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One of my favorite things to dig into with business leaders is the organization’s feedback loop. Specifically, what they are doing to ensure they have a pulse on their team members. Not just productivity, but buy-in, culture fit, emotional health, etc. Most immediately point to their performance reviews or one-on-one meetings. Everyone seems to love the 360-degree performance review these days. (For the record, if you’re an employee participating in a 360-degree performance review, be careful, most managers have fragile egos and can’t handle your constructive criticism. Your fears are legitimate.). Anonymous surveys are better, as long as there isn’t an undercover employee in IT telling the CEO who said what (I’ve seen this and I wish I was kidding).

Maybe your feedback loop is fairly robust and you provide ample opportunity for your team to share their perspectives. You feel pretty good about where things are going and you’ve put together a fairly solid team. There is quite a bit of (mostly great) information out there about how integral active listening is to strong leadership. It seems simple, but it’s true. Good leaders are usually good listeners, even if they weren’t born naturally bent to bend an ear (looks in the mirror). Jedi level though? The best leaders I have ever seen have trained themselves to listen for what their people aren’t saying.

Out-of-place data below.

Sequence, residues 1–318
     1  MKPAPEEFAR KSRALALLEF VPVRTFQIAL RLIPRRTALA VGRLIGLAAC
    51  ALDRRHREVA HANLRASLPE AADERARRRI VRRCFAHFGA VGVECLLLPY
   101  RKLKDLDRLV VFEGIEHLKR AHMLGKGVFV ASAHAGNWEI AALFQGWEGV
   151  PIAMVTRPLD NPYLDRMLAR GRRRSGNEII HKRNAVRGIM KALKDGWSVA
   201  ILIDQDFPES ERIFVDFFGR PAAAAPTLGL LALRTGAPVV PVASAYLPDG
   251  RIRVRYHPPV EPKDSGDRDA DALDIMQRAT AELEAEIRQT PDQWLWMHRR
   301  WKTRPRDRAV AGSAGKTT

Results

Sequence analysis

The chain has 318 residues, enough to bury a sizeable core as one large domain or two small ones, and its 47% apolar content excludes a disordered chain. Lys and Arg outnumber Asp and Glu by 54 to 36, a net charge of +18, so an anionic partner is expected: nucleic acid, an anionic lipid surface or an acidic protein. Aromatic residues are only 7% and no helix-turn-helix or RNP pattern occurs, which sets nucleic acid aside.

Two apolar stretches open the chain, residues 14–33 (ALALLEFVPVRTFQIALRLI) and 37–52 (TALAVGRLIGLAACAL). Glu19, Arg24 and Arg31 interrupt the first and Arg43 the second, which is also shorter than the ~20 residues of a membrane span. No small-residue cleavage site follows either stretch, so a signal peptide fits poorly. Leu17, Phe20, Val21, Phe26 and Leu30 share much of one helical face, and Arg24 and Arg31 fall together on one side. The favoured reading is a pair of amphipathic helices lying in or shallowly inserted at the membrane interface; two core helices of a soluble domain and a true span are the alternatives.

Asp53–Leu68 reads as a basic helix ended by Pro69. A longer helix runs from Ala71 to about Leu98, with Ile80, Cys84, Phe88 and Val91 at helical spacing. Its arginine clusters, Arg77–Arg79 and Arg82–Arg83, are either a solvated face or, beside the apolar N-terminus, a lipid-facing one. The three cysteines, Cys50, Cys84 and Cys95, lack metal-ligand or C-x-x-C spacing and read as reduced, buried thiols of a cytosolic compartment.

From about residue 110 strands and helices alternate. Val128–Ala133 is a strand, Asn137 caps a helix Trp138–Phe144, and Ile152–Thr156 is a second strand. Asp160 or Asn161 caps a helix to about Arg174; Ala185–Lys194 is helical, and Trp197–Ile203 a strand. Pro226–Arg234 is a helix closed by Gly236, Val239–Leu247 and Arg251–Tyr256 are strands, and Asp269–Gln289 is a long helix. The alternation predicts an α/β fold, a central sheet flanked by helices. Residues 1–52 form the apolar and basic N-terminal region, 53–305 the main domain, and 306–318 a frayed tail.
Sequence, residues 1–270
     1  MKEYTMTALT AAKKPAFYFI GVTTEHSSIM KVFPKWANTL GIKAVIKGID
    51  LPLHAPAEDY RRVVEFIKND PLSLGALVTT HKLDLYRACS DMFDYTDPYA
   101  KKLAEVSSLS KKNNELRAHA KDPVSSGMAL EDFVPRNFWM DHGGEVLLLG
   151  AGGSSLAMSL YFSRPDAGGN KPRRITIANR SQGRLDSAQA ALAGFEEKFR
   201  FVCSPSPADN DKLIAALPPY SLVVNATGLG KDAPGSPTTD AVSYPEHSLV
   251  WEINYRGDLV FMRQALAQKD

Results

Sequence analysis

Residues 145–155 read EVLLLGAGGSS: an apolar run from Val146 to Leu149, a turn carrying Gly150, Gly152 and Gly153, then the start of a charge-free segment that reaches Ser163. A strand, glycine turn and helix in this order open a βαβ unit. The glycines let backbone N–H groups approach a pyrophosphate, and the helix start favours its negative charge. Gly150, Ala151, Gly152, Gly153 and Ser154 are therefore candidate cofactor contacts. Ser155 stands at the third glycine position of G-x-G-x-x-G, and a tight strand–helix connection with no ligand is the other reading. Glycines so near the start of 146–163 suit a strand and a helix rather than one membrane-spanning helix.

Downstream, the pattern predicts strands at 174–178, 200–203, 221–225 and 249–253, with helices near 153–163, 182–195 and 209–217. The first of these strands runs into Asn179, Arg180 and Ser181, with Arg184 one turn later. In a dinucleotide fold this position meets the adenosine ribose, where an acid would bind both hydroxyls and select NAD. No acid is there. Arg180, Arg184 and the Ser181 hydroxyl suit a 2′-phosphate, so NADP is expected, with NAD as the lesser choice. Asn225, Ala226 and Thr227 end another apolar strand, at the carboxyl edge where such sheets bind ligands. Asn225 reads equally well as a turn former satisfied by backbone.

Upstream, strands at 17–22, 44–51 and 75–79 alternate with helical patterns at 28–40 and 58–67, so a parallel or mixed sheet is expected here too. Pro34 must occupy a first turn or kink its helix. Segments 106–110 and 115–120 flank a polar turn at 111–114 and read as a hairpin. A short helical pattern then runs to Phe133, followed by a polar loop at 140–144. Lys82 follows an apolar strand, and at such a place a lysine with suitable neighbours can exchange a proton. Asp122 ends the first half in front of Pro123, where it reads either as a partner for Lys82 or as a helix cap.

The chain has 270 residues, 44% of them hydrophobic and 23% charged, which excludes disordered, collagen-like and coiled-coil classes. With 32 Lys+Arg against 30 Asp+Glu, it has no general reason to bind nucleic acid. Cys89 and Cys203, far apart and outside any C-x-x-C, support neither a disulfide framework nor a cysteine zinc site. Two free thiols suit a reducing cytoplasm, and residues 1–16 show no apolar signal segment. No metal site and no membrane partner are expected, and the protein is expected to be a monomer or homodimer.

by Matt Thomas

I spent two years working for one of the largest privately-held home builders in the country. I took the job with this company because of their reputation for exceptional in-house training and robust customer service model; not because I knew anything about building or selling production homes. In one of the many training workshops I went through during my time with this company my favorite executive hammered home three words I’ll never forget, “Bad News Fast.” He shared this nugget inside the context of customer experience but I watched it permeate our internal culture and operations. The result? Employees always knew where they stood. The only team members who carried anxiety were low performers or poor culture fits. In truth, they should have been anxious.

Over the past few days I’ve spoken with business owners who have lost everything, more who have had to get as lean as possible, and some who are well-positioned to flourish in times like these. After discussing the health of their businesses the thing I have been most curious about is how they are communicating with their employees.